A "session" is a single bout of training composed of one or more workouts. You might generally think of it as a one or two hour training block where the athlete begins a session with a warm-up, practices some aspect of training, then ends with a cool-down.

The concept of sessions is used on the calendar and in programs. The format is slightly different in the two locations, but the attributes are essentially the same.


The form below shows the standard attributes of a session in the sessions database. When managing a session on the calendar, there are a few more attributes related to the session's timing (date, start time, end time, etc.)


The session name is pretty self-explanatory. You generally want to give it a succinct, but descriptive name that informs people what the session is about. For sessions in the database (explained below), you'll want to give it a unique name that makes it easy to distinguish from other sessions in the database.

The name appears in various contexts, including in the calendar, in the program interface, and in the mobile app where athletes will be following the session.


The session type determines which exercise attribute is used when sorting athletes on the whiteboard. For example, if you want athletes to be sorted by the amount of weight they can lift, then the type would be "Weight." If you want athletes to be sorted by their speed, then the type would be "Speed." (See the Calendar guide for info on the whiteboard.)


Assigning a session to a facility enables FYTT to automatically group athletes into stations within the facility. If you have tablets setup at each station, the tablets will automatically be populated with the appropriate athletes' workouts for the session when you start a session from the whiteboard. (See the Facilities guide for info.)


The description attribute allows you to provide more long-form information about the session. So if you have additional instructions or notes that people need to know about, use this attribute to communicate that info.

Session attributes on the mobile app:


The session's workouts are where you define the actual work do be done in the session. When building a session, you can either create a new workout from scratch, or you can quickly add a workout that you've previously created in your workout database (see the Workouts guide for more info).

As a best practice, try to keep individual workouts small and concise. This generally leads to a better user experience for both coaches and athletes, because it's easier to manage and consume information in small chunks. For example, if your session calls for 3 sets of 5 @ 65% for bench press, back squat, and hang clean, then separate out those three exercises into their own workouts.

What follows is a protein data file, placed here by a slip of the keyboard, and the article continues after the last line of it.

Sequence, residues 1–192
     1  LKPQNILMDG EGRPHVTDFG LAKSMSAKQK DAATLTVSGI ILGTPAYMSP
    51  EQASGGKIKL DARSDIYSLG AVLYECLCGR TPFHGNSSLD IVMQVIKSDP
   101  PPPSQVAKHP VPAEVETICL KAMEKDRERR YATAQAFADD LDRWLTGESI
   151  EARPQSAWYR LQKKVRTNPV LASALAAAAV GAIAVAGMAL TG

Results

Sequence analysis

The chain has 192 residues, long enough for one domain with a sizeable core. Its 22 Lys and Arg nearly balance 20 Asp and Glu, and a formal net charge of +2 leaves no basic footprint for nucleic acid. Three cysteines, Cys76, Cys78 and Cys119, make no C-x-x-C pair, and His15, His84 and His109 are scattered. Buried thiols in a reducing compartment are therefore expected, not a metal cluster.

You can create a database of session "templates" that can be inserted into any program or session on the calendar. The Sessions database can be found in the main menu. Once you've created sessions in the database, you can quickly insert them into a program or onto the calendar.

You can create sessions at the institution level, which are accessible to all teams at the institution. If a team. has its own "private database," you can also create sessions at the team level, which are only accessible to that team (see the Institutions guide for more info).


To insert a session into a program, simply click on the day you want to modify, then use the search form to search for and select the desired session from the database.

Note that the search form also allows you to search and add individual workouts from the database. Sessions in the search results are distinguished by the session icon next to the session's name.


Once you've added a blank session to the calendar, you can insert a session from the database (see the Calendar guide to learn about adding blank sessions). To do this, click on the "New Workout" button in the "Session Workouts" section. From the dropdown, select the "From session" option. This brings up a search field where you can search and select sessions from your database.

Note: Inserting a session in both cases illustrated above overwrites any session attributes that might be present on the existing session (name, description, facility, etc.).

Did this answer your question?